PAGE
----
Urban Moonlight: A New Genre in 19th Century European Painting
In the 20th century, the electrically lit city painted by Georgia O’Keefe, Edward Hopper, and Joseph Stella became a standout feature of modern...
Guest Profile 25 May 2023
min Read6 March 2023
Follow us on a short historical tour of thriving royal women across Europe who enjoyed power and success on their own terms. How we measure royal success is problematic, of course. What looks like a win to an ambitious queen might look like despoiling and conquering to our modern eyes – you decide!
Eleanor of Castile was a medieval queen, born in 1241, and she exerted a strong cultural influence across England. She was a landowner and successful businesswoman, a patron of literature, and had a keen interest in the art of tapestries, carpets, and garden design. Royal marriages were usually arranged for political or financial reasons, and she was betrothed to Edward I at age 13. However, it is said that both of the pair were devoted to each other. In fact, when Eleanor died in 1290, Edward commissioned 12 stone-cross monuments to be built along the route of her funeral cortege, the most famous of which was the Charing Cross in London.
During her 34-year reign, Catherine II modernized and Westernized Russia. Her time as queen is known as the Golden Age of the Russian Empire. She was a fan of the Enlightenment, an art patron, corresponded with Voltaire, and promoted education. Perhaps most interesting for us, she was a vaccination pioneer and was the first person in Russia to be inoculated against smallpox in 1768. As for anti-vaxxers? She labeled them “block-heads, ignorant or just wicked.” Despite her determination to keep her population healthy, she was not averse to war, and she defeated the Ottoman Empire twice, expanding the Russian Empire over three continents. She was also known for a rather juicy personal life. The bawdier stories are probably not true, but I’ll leave you to research that for yourself.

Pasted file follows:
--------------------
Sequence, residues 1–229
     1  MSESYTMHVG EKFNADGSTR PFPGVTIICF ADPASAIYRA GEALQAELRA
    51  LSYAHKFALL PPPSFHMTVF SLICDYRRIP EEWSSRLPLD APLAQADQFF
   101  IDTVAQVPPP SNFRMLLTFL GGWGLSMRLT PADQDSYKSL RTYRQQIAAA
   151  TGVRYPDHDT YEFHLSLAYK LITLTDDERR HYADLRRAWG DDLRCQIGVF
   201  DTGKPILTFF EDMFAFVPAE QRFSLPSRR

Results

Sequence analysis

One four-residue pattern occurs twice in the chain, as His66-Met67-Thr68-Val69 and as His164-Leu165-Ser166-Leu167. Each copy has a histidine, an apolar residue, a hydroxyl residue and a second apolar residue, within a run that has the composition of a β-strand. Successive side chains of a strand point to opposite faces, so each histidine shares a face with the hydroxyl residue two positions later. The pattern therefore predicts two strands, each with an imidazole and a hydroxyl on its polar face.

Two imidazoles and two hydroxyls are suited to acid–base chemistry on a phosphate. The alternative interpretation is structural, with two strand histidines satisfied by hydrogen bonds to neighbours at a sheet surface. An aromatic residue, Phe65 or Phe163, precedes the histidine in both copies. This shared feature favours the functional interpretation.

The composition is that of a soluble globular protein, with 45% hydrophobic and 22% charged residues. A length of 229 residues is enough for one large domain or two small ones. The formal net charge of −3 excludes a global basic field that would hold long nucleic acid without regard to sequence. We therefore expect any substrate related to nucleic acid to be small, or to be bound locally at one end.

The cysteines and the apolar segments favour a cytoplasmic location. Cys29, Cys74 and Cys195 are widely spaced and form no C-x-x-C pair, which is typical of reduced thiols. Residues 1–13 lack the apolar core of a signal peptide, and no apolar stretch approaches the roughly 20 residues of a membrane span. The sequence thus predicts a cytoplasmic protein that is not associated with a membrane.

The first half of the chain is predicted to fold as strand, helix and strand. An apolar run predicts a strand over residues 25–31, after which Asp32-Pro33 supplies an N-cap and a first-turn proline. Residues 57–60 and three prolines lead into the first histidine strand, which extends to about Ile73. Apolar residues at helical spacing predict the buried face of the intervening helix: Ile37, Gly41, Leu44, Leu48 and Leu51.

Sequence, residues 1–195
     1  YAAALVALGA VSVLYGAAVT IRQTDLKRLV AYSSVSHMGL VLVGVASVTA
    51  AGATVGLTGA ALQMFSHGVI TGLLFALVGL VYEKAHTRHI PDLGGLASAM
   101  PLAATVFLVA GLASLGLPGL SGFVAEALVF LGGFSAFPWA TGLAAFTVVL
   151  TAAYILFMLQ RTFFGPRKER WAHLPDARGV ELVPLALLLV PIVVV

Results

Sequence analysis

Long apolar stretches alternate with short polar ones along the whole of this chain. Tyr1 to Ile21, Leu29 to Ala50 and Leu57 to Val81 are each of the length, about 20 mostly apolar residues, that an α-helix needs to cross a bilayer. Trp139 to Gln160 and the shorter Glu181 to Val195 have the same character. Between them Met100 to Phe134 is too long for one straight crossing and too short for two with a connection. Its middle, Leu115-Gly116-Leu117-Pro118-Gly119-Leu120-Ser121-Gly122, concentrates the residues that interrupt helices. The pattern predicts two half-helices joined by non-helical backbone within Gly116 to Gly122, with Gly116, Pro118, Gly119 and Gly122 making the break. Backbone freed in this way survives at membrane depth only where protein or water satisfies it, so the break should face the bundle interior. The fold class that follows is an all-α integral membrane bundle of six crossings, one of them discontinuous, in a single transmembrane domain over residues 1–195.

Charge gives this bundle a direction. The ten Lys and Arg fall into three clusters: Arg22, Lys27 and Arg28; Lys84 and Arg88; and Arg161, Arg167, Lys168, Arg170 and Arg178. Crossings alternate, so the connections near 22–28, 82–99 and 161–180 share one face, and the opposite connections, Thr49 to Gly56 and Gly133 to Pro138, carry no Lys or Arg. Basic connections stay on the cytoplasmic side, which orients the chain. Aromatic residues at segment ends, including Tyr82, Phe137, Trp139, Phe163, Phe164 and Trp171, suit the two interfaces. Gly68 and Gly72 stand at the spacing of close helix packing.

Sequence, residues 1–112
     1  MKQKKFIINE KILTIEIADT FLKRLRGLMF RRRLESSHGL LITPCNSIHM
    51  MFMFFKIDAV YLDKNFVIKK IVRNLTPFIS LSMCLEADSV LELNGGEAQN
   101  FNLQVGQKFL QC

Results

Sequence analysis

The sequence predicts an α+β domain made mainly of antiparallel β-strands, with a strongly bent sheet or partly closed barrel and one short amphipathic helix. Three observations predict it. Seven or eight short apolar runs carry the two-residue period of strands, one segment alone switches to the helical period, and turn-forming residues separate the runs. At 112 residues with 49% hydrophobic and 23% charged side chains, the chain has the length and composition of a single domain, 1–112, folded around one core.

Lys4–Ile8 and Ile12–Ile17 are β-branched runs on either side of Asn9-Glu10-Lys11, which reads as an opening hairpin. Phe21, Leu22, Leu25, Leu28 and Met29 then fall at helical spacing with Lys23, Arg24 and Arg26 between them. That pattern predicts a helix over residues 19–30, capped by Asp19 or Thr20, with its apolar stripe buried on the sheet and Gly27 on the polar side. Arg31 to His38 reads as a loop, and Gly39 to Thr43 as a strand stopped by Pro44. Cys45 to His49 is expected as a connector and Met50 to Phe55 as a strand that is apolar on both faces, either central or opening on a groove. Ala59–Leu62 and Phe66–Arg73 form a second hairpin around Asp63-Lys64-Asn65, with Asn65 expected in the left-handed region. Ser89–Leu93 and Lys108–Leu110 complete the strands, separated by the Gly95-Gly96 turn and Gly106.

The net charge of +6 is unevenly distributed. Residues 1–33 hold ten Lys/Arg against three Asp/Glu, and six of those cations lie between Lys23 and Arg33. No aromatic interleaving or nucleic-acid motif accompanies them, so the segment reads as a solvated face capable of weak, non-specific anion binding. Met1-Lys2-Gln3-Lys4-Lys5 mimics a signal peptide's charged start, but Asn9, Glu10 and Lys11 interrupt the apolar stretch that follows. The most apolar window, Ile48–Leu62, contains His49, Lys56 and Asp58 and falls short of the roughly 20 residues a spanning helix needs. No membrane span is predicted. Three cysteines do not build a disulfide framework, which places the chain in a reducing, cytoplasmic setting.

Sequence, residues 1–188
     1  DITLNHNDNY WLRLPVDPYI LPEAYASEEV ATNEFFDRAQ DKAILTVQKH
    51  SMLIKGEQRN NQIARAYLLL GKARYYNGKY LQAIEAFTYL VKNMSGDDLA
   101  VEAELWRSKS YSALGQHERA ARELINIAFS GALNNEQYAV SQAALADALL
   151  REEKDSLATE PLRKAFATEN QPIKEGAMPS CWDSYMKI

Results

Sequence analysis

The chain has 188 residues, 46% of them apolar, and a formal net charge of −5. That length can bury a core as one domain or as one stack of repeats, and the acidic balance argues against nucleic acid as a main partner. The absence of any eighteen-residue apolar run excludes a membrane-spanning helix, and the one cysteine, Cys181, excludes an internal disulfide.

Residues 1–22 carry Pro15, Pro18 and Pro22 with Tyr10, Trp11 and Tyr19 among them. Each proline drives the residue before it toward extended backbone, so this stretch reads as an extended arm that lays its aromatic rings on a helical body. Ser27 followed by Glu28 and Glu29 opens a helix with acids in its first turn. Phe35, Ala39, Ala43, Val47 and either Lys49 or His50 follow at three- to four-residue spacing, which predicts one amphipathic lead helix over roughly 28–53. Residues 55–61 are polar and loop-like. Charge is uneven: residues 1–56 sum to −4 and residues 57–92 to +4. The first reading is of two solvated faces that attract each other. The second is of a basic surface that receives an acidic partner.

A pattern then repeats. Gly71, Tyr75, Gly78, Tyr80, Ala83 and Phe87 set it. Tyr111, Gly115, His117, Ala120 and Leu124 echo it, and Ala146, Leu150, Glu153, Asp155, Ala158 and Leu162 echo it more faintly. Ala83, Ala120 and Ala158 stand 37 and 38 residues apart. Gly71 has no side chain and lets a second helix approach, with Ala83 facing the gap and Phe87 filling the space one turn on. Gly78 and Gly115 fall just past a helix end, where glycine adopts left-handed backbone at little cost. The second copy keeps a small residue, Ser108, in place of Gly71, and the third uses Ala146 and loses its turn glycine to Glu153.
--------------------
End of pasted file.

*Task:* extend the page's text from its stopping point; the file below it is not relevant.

Christina was fiercely intelligent and spoke seven languages as well as her native Swedish. She collected and commissioned thousands of artworks and was a great patron. Just like Elizabeth I of England (who we discuss later) she saw the merits of celibacy and refused to marry. Many films, books, and plays have focused on her life – including a very famous 1933 film starring Greta Garbo.
Possessing great beauty and intelligence, Isabella was also known as The She-Wolf of France. She was born into one of the most powerful families in Europe in 1295 or 1296. She married Edward II of England, himself intelligent and handsome. The marriage was affectionate and loving (although plenty of historians seem happy to report gossip and falsehoods about a powerful woman). However, Isabella later found that Edward preferred the company of handsome men who tried to reduce her influence in court, and she responded by trying to steal Edward’s throne. She finally forced him to abdicate the throne to their son, Edward III. Isabella lived to a ripe old age, enjoying the land and monies she had awarded herself, then became a nun!
It was actually Elizabeth’s half-sister Mary Tudor who was the first woman to achieve the throne and be crowned queen in her own right in England. Nicknamed Bloody Mary for her persecution of Protestant heretics, Mary I had a short five-year reign, and on her death, the crown passed to her half-sister, Elizabeth I.
Elizabeth I ruled over a period of immense exploration and invention. An intelligent and literary woman, she welcomed Renaissance influences to England. She inspired Shakespeare’s Midsummer Nights Dream and even attended its first performance. She appointed Nicholas Hilliard as court painter–his works exemplify the very image of Elizabethan England.
Elizabeth was quite the stateswoman and very astute in her appointments of ministers and officials. Her forces defeated the Spanish Armada in 1588. Elizabeth’s choice not to marry was radical. She created an image of herself as Gloriana, married to her nation. She was incredibly popular with her subjects, had some fine portraits painted, and is portrayed in more films and TV shows than any other British monarch.
We will end with a mystery – Cynethryth. She was a medieval Queen of Mercia and very little is known about her. She must have been incredibly influential as she is the first and only Anglo-Saxon Queen to have her head on a coin. We thought she deserved a mention.
I’m sure I’ve left out some obvious names in this shortlist. If you want to argue for royal inclusion, then make your case! And take a look at the other side of the coin in Wronged Royal Wives including some VERY up-to-date royal gossip!
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